Government efforts to control the housing market by taxing landlords have failed, according to a leading economist.
David Miles, a former Bank of England monetary committee member and professor of financial economics at Imperial College, London, argues that making buy to let landlords pay more tax hasn’t freed up homes for first time buyers by discouraging buyers away from buy to let.
The aim was to free more affordable properties for first time buyers by increasing stamp duty, capital gains tax and slashing mortgage interest relief for landlords.
“These policies were justified on the grounds that they would reduce tax distortions which favoured buy-to-let purchasers and drove prices up for hopeful first time buyers and reduced their welfare,” writes Miles in a blog for the Residential Landlords Association.
“That argument was incoherent back then and it remains so today. But the policy remains in place.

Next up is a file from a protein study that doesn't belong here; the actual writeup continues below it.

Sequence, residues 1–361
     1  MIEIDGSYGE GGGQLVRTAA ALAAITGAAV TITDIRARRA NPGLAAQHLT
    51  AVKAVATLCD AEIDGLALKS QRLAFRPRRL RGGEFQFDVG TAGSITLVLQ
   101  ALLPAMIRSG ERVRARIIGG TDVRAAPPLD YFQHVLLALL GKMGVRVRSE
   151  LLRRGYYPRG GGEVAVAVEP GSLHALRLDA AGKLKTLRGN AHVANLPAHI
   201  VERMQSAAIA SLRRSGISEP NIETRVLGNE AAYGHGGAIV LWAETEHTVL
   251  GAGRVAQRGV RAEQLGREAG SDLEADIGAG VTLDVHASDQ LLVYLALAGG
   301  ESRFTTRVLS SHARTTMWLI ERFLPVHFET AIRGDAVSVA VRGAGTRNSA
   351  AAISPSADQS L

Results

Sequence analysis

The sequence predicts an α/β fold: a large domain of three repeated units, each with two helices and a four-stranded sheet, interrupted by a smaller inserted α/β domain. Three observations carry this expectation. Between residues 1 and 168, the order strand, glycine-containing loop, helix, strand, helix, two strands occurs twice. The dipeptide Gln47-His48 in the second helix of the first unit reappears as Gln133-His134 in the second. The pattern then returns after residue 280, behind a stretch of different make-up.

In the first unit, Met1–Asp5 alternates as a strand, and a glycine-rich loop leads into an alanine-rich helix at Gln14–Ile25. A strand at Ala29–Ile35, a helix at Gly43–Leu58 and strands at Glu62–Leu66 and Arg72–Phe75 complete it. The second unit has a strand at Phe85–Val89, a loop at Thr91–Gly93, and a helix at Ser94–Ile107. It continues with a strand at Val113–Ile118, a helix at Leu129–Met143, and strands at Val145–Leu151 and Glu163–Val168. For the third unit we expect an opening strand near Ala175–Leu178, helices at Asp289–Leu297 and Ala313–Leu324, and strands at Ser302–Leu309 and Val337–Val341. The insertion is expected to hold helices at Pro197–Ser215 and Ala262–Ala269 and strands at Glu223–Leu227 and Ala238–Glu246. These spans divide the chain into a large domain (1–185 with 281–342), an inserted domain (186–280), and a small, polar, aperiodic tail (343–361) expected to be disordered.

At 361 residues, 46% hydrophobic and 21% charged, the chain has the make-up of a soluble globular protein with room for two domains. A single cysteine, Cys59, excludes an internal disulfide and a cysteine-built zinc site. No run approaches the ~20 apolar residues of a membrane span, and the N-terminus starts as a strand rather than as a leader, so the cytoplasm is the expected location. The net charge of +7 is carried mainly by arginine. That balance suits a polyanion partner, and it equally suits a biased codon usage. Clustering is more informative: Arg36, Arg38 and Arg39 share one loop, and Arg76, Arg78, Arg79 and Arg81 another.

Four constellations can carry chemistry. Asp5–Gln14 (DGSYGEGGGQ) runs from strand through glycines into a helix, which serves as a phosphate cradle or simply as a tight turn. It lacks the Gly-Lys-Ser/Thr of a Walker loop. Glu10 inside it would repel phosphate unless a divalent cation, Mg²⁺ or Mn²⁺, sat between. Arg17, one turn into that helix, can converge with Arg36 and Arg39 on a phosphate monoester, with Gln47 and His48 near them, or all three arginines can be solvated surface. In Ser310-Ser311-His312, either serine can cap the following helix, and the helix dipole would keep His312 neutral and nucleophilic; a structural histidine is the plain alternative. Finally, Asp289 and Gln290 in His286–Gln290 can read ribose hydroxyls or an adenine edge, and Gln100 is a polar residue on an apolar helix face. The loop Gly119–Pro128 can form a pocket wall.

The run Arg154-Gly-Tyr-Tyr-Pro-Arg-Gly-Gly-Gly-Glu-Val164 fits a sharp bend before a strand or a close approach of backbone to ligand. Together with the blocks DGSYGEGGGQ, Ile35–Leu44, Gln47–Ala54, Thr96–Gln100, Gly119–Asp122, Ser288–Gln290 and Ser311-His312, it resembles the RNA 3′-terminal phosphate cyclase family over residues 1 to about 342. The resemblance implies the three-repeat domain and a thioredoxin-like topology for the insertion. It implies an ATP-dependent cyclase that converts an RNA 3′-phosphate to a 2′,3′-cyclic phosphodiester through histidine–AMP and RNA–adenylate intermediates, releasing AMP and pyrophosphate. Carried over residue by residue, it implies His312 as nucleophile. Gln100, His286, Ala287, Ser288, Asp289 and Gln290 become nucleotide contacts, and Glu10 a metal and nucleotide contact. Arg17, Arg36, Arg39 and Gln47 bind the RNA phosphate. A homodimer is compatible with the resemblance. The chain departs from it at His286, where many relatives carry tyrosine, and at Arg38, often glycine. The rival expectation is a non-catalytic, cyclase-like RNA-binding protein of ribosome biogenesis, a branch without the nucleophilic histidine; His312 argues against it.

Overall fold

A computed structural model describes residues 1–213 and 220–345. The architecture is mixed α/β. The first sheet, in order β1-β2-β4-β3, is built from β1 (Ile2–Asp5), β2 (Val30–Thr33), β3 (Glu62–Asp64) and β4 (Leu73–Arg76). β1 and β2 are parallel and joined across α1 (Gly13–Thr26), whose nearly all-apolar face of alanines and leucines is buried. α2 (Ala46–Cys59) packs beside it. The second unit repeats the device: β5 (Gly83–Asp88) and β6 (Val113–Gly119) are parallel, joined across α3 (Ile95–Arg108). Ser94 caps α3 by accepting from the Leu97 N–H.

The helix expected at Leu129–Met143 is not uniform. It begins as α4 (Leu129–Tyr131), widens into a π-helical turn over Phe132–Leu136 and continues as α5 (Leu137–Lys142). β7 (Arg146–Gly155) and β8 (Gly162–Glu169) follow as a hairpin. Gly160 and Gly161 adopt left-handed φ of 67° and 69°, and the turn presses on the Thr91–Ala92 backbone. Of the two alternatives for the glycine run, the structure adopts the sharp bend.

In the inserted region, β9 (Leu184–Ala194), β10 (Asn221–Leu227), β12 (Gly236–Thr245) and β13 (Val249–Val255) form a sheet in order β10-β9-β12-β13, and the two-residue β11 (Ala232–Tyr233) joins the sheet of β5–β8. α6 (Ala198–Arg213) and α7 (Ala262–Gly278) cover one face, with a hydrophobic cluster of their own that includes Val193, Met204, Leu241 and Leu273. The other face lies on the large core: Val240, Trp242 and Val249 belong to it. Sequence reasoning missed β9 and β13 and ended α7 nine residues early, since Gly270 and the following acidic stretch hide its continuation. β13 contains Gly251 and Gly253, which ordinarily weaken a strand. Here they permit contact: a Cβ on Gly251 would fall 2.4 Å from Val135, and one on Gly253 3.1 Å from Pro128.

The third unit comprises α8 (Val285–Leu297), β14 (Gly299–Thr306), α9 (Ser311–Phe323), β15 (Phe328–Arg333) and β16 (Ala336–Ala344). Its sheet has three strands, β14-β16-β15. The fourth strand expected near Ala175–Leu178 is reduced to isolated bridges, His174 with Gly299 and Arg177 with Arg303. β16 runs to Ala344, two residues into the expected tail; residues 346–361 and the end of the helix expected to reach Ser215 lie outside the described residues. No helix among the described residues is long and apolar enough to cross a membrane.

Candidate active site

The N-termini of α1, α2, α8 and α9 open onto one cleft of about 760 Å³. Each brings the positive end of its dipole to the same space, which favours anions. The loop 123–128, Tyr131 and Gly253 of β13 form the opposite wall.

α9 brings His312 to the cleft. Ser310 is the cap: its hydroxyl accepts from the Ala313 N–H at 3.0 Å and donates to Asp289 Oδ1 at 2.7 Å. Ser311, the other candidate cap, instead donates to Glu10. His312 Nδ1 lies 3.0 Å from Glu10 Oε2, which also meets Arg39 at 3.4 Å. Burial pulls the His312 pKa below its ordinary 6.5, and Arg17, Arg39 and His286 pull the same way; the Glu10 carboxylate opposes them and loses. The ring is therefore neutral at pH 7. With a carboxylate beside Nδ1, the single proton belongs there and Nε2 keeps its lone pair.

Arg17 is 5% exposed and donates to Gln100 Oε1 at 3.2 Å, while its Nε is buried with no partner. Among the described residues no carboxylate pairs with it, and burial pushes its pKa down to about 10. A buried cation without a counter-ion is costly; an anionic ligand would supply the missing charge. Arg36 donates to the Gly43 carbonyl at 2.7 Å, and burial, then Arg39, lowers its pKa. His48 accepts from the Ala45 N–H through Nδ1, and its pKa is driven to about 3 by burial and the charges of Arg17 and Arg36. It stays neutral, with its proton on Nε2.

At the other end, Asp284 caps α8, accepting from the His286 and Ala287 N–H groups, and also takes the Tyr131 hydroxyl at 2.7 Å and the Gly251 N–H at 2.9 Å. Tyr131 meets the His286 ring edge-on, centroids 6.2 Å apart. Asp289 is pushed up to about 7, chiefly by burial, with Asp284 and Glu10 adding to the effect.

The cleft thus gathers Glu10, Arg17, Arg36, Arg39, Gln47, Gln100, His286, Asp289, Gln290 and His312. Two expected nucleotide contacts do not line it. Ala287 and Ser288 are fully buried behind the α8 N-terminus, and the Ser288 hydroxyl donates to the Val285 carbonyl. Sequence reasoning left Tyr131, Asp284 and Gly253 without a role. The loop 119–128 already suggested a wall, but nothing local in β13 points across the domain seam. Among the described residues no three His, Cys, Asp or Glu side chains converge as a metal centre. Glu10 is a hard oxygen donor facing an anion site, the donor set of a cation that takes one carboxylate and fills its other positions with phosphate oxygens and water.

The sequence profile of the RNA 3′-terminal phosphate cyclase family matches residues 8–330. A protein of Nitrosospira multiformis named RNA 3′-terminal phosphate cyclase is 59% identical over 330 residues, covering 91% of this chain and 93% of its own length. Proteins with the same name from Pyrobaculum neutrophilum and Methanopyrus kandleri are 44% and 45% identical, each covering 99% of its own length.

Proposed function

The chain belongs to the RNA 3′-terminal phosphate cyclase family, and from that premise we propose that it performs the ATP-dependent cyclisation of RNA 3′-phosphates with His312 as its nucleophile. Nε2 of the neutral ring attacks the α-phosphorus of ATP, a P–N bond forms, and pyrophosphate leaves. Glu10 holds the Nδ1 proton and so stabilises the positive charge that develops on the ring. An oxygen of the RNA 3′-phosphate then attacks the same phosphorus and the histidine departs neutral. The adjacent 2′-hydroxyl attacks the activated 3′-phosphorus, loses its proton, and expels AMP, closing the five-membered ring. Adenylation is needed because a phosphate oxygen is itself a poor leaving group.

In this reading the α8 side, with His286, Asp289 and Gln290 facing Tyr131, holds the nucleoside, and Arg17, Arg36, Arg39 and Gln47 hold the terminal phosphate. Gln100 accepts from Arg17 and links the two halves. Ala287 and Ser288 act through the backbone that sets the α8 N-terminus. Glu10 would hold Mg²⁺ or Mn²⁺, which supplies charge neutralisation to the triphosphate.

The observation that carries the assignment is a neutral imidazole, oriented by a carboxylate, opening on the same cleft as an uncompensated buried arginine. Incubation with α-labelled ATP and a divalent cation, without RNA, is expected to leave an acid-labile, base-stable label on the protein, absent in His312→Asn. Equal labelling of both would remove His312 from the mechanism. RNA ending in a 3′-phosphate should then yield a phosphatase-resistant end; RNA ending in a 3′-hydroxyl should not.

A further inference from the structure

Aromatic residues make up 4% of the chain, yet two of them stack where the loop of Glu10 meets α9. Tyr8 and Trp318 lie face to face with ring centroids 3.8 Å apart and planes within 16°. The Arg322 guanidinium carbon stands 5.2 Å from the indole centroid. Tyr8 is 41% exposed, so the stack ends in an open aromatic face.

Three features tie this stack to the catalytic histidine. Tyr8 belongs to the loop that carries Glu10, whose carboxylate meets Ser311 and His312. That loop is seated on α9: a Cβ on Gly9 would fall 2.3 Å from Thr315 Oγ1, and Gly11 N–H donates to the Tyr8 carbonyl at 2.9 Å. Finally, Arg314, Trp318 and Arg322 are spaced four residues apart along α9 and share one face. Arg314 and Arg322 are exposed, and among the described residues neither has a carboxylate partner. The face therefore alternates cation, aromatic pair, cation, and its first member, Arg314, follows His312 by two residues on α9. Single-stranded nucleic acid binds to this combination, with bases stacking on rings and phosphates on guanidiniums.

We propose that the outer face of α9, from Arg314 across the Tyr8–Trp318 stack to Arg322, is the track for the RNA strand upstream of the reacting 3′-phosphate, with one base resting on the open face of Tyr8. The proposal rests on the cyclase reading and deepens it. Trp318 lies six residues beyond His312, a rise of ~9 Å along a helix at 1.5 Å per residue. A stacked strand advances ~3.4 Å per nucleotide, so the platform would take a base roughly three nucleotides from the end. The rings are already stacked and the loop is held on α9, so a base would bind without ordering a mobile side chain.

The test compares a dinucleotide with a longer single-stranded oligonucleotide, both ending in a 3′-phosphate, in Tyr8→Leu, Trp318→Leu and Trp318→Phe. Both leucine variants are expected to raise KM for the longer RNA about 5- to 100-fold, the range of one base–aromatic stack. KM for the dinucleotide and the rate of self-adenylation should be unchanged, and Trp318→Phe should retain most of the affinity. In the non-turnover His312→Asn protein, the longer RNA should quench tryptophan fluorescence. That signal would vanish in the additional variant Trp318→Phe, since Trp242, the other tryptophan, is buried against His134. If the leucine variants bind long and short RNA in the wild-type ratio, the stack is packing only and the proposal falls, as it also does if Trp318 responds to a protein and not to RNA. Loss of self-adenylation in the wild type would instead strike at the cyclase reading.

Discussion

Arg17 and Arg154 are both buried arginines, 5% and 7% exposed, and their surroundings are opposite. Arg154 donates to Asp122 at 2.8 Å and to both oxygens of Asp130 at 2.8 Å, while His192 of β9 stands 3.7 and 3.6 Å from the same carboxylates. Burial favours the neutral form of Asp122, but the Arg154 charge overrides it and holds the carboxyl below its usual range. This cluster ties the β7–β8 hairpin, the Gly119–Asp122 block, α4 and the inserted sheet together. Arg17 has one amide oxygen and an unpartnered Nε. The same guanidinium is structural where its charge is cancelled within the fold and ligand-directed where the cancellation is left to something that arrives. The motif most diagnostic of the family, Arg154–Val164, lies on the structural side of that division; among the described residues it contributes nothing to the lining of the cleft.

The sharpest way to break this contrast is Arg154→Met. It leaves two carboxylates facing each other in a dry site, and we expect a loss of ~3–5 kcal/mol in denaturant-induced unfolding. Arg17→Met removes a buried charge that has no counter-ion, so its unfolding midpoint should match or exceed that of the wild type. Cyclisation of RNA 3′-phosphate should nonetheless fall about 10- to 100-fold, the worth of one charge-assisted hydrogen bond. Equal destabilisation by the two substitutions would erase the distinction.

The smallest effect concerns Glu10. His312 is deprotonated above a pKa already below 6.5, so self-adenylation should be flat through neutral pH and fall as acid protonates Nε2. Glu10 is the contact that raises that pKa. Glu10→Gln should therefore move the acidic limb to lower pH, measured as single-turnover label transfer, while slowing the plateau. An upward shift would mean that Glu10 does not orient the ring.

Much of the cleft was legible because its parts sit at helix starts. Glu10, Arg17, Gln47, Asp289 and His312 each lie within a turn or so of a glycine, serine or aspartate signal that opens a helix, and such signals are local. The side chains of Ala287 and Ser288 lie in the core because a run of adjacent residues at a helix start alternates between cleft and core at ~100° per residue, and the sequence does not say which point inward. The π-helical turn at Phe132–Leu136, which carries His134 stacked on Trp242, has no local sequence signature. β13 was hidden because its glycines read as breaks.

“The tax distortion arguments are nonsense.
“Rather than being a move towards tax neutrality – as was claimed – they in fact represent a further penalty against private provision of rented properties by potential suppliers who cannot (or choose not to) invest via a corporate entity.”
Miles also explains that government buy to let policy is unfair to non-corporate landlords.
“Can the tax changes be defended on the grounds that it is not appropriate for the private rented sector to be significantly supplied by small scale landlords? It is not at all clear that it can,” he said.
“There is no compelling reason to think that private landlords with a small number of properties are bad landlords.
“Nor is there any reason to think that investing in property to rent is an inappropriate thing for people to do with part of their saving.”